The Australian added: “As a fan of the game, I’ve always loved the fact that for the most part our game has remained untouched from my 40 years’ experience in it.
“There have been some rule changes. I remember when I was playing I could pass it back to my goalkeeper and he could pick it up and throw it back to me and I’d pass it back to him and he’d pick it up again.
“You know what? They changed it. Why? Because they didn’t want to see the game slowing down, so it was a good decision. Let’s go with it and I don’t think anyone has complained about it.
“Other than that, there haven’t been too many shifts, but all of a sudden we’ve seen such a major transformation.
“We’ve let technology in the door, we know that’s going to affect it. Let’s just see how that plays out before we start thinking about other significant changes.”
Postecoglou has been a critic of VAR and added: “I struggle to understand why this urgency all of a sudden to bring in new things. I don’t know if there’s that much wrong with the game as I see it.”
Unrest over Friday’s planned announcement was underlined on Thursday night by a statement from FIFA which confirmed the disclosure that initial sin-bin trials would not take place in the Premier League or other top-tier competitions.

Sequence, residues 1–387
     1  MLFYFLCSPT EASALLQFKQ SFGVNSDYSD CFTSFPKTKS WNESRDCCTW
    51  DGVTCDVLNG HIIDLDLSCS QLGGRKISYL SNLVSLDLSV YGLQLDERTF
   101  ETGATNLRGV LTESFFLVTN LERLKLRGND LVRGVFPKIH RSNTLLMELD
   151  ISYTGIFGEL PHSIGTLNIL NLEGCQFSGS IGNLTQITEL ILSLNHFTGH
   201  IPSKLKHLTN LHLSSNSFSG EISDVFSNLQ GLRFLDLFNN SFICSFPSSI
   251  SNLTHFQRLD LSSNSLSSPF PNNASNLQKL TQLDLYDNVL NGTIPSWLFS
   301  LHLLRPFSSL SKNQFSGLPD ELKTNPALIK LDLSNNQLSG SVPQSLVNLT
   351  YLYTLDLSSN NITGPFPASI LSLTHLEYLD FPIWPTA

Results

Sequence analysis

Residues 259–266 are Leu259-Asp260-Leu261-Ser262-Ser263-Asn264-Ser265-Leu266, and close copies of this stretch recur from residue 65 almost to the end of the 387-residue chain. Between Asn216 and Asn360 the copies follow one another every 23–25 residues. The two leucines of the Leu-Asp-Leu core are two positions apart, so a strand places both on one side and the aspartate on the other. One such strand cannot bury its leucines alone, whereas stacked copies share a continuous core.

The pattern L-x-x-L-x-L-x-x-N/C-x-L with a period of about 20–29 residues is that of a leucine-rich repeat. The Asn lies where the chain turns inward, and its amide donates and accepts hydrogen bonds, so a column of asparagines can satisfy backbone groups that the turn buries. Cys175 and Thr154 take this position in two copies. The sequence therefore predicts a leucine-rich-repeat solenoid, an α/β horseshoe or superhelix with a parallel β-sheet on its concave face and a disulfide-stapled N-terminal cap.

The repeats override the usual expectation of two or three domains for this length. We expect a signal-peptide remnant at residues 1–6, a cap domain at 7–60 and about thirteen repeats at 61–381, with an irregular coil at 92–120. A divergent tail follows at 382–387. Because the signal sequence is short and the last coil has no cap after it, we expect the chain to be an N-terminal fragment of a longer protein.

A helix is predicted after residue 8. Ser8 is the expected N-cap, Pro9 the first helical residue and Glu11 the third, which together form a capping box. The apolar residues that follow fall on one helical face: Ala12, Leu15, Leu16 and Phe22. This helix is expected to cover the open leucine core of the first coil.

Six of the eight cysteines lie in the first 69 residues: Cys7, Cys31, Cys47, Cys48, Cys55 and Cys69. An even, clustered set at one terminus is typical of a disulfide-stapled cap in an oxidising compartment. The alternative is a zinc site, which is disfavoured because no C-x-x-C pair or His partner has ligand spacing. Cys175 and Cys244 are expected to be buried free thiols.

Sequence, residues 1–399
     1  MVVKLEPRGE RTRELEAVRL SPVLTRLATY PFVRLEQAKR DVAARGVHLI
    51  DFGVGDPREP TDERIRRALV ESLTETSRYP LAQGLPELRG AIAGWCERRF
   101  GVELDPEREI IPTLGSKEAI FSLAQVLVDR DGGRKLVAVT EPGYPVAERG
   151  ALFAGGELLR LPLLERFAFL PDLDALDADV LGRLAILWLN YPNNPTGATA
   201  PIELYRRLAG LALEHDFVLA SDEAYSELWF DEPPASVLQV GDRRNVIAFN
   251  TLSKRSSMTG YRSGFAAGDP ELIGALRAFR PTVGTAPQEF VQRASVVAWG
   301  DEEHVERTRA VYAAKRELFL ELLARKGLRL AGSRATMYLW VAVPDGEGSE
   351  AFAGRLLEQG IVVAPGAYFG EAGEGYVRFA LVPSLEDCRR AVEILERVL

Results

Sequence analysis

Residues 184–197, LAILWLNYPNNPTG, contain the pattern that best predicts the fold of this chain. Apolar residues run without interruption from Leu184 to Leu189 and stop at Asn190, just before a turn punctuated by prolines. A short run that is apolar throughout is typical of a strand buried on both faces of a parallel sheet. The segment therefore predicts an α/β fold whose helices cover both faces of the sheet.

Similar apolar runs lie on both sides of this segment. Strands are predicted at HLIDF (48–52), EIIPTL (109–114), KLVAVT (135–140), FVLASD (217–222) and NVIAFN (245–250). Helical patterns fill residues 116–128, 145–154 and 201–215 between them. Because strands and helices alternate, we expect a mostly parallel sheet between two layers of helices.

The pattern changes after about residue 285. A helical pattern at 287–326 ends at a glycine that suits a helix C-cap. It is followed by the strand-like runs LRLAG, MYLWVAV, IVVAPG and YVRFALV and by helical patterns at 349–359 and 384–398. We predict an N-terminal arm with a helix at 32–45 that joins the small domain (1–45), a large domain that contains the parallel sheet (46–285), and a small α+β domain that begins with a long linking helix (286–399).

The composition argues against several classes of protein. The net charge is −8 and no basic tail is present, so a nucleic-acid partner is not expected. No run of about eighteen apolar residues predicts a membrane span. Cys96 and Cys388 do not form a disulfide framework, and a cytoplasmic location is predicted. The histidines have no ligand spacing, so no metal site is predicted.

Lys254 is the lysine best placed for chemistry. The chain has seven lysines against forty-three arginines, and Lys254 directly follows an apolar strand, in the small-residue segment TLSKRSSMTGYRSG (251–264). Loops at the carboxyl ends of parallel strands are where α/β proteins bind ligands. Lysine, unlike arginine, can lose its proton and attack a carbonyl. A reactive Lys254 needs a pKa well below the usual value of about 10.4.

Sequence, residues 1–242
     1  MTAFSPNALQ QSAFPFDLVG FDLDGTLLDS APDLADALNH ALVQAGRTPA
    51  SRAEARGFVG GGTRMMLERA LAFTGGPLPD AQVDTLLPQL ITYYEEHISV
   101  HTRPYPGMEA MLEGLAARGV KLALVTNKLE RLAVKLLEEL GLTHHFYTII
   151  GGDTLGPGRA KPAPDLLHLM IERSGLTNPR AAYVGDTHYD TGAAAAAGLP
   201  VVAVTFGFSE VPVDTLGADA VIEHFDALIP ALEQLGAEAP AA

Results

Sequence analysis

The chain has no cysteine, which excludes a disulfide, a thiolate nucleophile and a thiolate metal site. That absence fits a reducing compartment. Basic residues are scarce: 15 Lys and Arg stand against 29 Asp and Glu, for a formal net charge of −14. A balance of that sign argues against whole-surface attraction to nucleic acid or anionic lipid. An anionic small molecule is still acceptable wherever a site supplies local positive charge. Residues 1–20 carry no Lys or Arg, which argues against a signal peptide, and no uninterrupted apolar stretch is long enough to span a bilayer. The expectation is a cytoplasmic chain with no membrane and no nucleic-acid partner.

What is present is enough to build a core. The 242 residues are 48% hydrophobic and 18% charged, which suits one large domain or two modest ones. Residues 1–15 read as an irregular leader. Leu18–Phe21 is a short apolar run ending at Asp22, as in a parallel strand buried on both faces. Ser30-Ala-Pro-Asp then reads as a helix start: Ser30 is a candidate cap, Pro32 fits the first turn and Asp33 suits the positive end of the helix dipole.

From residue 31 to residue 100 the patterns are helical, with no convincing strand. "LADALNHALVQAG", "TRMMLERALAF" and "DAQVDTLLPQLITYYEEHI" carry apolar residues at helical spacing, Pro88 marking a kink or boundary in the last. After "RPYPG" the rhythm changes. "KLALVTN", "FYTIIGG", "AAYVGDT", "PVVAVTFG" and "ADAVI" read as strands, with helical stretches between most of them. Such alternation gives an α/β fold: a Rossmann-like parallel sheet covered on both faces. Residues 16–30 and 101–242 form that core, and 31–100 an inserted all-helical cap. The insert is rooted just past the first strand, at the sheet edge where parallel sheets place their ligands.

The statement went on to say that the introduction of a blue card at a lower level would be discussed at the annual general meeting of IFAB, the game’s law-making body on which FIFA sits along with the four home associations, next month.
IFAB approved the first sin-bin trials – with players spending 10 minutes in the technical area if they receive a blue card for dissent or a cynical foul – at professional level at its annual business meeting in November.
The precise protocol those trials would follow had been due to be announced on Friday and the delay could now mean those being subject to further revision.
FIFA’s issuing of a statement on an IFAB matter also raised questions about which of the bodies was really in control of changes to the laws of the game.
Klopp voiced his opposition to the blue card proposal by saying: “The introduction of a new card would just give more opportunities to fail because the discussion then would be, ‘Should it have been a blue card, or a yellow card?’
“It does not sound like a fantastic idea but I can’t remember when the last fantastic idea came from these guys, [or] if they ever had one.”
Arteta questioned whether soccer was “ready” for such a move, while Pochettino said: “I think it is going to create more divides, be more complicated to the referees, the players and the fans. My feeling now is that it’s not a good idea but we’ll see what happens.”
Howe added: “I’m not a big fan to be honest; that’s what yellow cards are for. The current system works well; it just has to be applied right. Adding a blue card would just add more confusion in my opinion so I’m against it.”
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